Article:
In South Travancore, Ezhava women wore PAMPATAM (ear ornaments of Tamil Sudra women). In north Travancore the earring of Ezhava women was the 'ATTUKKAM SAMKHU CHAKKARAM' and 'ATTIMINNU' was the neck ornament. The men of the Nayar, Ambalavasi and some other -Hindu castes used to wear their earlobes and wore KADUKKAN.

Christian women

The traditional CHRISTIAN women wore MEKKAMOTIRAM or Kunuk(heavy gilt gold ring) on the upper ear lobe. No ornaments for nose. Some Christians do not use ornaments. They wore a necklace called Ottezhapatakkom and rings of various kinds for fingers and anklets.

The traditional Nadar Christian ear ornaments are very different from other. The women wear necklaces and earrings of elaborate and considerable weight. The ear rings consist of Studs on the upper portion of the ear as on the earlobes. MUDICHI, PAMPATAM, THANDOTE and ARITHALAPPU are the ear ornaments. The traditional necklace is called the CHITTIRU.

A type of THODA, THAKKA made of wood, lead or brass in the dilated earlobe is worn by AVARNA women. They also used to wear OLACHUTTU (scroll of PANDANUS or coconut leaf) in the earlobe. A bead necklace, Kallumala was the usual ornament for the neck.

Muslim women

Muslim women have innumerable varieties of ornaments for the different parts of the body. The ornaments for the ear are MEKKATH, PACHAKALLU, ALICATH and JIMIKKI. They wear a number of coiled gold or silver earrings called ALICATH.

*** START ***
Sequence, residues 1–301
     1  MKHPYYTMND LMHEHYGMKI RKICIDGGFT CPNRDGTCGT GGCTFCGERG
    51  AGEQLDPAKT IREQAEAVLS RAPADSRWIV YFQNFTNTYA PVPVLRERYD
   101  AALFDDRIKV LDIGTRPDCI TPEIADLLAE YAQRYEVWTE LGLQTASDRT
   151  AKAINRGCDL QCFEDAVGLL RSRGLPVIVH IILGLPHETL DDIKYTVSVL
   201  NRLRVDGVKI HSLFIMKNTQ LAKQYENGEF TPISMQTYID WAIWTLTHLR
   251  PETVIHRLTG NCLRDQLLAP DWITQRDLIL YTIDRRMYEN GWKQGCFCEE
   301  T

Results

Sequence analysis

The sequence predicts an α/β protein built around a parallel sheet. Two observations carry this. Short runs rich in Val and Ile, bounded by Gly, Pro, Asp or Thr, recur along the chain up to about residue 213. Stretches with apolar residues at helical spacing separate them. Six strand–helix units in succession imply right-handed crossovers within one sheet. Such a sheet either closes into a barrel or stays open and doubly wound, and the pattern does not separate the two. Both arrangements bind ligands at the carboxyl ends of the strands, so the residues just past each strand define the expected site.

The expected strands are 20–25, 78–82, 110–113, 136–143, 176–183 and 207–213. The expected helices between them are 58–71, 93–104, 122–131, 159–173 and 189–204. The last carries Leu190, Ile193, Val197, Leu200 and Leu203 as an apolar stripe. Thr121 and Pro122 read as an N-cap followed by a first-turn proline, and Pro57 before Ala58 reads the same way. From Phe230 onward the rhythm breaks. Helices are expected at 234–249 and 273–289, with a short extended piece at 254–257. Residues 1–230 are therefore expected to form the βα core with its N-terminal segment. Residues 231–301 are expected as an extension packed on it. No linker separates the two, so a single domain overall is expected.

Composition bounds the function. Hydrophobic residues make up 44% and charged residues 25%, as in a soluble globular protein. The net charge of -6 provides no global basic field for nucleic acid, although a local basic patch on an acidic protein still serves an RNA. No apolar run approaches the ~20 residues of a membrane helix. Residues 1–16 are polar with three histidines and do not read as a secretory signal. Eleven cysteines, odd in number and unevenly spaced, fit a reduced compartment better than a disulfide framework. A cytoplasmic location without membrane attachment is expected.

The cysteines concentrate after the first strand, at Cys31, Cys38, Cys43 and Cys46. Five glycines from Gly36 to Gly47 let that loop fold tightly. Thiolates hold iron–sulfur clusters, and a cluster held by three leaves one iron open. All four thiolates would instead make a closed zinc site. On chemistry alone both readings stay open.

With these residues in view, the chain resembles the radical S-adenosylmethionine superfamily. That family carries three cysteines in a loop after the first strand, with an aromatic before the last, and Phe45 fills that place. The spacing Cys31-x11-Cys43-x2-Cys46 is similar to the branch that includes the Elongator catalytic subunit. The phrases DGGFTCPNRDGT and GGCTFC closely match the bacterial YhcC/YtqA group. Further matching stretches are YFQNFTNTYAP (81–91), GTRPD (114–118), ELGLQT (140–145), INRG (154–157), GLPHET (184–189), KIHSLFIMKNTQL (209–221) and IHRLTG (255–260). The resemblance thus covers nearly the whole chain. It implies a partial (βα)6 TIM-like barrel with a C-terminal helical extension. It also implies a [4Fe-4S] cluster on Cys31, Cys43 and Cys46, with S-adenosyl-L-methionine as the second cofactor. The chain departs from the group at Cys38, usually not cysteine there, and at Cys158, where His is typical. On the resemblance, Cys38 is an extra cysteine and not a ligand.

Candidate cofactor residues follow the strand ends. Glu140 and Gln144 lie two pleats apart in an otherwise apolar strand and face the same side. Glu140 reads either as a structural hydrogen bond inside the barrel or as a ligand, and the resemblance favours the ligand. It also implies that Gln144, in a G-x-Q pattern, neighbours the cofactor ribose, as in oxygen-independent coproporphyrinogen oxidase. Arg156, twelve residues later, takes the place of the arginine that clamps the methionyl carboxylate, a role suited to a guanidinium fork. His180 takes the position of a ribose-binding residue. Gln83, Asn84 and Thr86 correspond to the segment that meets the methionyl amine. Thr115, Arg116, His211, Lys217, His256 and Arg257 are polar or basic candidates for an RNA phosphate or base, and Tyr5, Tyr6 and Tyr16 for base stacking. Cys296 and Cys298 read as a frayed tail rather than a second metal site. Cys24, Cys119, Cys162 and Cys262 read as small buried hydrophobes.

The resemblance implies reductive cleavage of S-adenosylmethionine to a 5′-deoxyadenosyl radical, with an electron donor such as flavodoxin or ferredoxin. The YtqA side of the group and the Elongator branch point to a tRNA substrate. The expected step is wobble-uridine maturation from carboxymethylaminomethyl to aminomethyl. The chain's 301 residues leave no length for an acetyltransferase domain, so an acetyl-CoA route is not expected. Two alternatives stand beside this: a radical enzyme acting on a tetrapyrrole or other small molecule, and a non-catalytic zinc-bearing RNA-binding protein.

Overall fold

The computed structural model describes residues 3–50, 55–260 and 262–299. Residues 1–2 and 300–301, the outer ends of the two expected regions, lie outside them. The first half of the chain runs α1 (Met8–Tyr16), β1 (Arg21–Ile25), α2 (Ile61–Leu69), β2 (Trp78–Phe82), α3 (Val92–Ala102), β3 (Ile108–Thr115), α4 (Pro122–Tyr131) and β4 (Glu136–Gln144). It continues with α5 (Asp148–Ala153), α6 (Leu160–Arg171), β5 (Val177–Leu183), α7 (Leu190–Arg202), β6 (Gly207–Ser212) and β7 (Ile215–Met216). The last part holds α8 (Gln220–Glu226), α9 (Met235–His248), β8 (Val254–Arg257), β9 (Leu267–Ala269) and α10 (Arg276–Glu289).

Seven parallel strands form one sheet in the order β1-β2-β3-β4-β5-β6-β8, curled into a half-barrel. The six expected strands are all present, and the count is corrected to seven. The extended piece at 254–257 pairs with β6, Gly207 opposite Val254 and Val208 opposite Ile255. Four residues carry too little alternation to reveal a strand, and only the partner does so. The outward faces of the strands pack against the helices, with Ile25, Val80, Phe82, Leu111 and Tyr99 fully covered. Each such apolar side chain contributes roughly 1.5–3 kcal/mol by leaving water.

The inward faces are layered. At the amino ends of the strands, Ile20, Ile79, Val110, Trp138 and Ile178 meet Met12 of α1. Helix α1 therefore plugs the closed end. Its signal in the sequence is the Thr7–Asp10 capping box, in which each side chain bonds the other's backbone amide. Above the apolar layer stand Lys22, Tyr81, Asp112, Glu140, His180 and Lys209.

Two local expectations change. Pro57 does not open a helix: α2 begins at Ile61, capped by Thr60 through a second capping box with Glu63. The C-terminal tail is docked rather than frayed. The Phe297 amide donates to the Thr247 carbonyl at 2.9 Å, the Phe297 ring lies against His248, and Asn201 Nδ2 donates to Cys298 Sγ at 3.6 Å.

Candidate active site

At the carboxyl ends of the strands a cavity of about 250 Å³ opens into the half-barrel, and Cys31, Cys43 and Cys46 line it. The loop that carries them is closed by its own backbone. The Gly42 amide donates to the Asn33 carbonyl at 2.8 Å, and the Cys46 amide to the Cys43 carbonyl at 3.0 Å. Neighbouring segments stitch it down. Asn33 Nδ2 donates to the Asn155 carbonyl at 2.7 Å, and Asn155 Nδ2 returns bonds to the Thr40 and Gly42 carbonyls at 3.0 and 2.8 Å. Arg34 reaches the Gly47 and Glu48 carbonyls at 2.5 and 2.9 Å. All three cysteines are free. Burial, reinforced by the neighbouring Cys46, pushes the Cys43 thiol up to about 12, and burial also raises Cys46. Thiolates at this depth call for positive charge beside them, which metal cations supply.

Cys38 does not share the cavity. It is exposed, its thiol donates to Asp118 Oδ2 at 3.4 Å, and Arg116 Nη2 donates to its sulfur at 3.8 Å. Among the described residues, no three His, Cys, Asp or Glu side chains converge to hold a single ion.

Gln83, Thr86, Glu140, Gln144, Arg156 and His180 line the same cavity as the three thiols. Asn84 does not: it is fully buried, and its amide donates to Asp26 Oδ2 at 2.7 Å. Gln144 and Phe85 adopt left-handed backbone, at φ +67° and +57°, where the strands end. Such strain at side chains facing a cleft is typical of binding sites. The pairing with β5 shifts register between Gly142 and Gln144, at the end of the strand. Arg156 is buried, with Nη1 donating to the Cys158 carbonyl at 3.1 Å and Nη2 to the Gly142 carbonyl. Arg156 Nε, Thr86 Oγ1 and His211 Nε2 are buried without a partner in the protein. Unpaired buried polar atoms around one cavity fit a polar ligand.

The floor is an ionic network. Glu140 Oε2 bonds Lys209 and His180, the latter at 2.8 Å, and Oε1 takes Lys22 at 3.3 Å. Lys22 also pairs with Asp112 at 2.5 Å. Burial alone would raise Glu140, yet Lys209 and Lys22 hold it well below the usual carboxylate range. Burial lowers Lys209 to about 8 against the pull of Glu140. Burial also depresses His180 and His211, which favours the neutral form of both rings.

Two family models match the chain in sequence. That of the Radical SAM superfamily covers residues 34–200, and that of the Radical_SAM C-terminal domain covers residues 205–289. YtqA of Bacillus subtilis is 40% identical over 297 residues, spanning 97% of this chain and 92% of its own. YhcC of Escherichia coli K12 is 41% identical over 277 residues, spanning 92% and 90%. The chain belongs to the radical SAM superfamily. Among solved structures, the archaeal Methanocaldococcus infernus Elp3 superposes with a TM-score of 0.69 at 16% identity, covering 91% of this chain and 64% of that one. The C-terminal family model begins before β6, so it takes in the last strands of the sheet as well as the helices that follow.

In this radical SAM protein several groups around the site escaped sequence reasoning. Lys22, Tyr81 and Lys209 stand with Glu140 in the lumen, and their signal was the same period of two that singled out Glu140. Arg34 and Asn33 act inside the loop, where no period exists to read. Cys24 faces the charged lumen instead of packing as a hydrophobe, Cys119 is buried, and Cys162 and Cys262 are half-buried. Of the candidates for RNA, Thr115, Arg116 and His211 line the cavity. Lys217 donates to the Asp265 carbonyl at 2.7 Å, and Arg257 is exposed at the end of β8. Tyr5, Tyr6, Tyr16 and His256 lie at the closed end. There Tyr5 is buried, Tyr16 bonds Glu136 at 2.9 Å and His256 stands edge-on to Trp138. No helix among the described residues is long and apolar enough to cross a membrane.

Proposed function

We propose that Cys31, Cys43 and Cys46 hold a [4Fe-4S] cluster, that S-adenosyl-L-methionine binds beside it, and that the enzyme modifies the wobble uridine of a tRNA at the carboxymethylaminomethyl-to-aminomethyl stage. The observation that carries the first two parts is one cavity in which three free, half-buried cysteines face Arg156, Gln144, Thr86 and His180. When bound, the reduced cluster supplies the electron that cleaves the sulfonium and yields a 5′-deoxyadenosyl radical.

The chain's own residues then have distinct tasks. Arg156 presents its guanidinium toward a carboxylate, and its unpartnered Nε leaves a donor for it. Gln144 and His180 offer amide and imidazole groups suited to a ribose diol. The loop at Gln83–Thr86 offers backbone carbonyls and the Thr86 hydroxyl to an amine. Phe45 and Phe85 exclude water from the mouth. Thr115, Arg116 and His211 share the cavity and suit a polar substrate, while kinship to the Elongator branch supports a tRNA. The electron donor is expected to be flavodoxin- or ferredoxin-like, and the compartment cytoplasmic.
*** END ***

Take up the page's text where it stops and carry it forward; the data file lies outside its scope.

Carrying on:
To adorn their hair MUDIPOO and MUDICHAKRAM are used-Nettippattam is worn on the forehead. Different types of PATHAKKAM, ASHTIK OTTAPATHAKAM, PADIMALA, PAANGOA and CHAKRAKANNIMALA are worn. They also used a waist belt called ARAPPATTA (of gold or silver is worn) silver ankle chain are also popular among them.

Tribal women

The tribal women in the hills used to wear ornaments made of palm leaves, wood and beads from wild plants to adorn themselves. The Paniya women wore rolled palm leaves in their dilated earlobes. The cholanaickam use neck chains of beads from wild plants and bangles were made of a kind of grass.

The unmarried Mullu Kurumba women wore metal ear studs and a nose-pin known as PATHA. The married women wore bangles on both forearms and metal rings on the upper arms-KATHILA were also worn in the ears after marriage and a chain known as ELACE was worn round the wrist.

Nakshatra Diamonds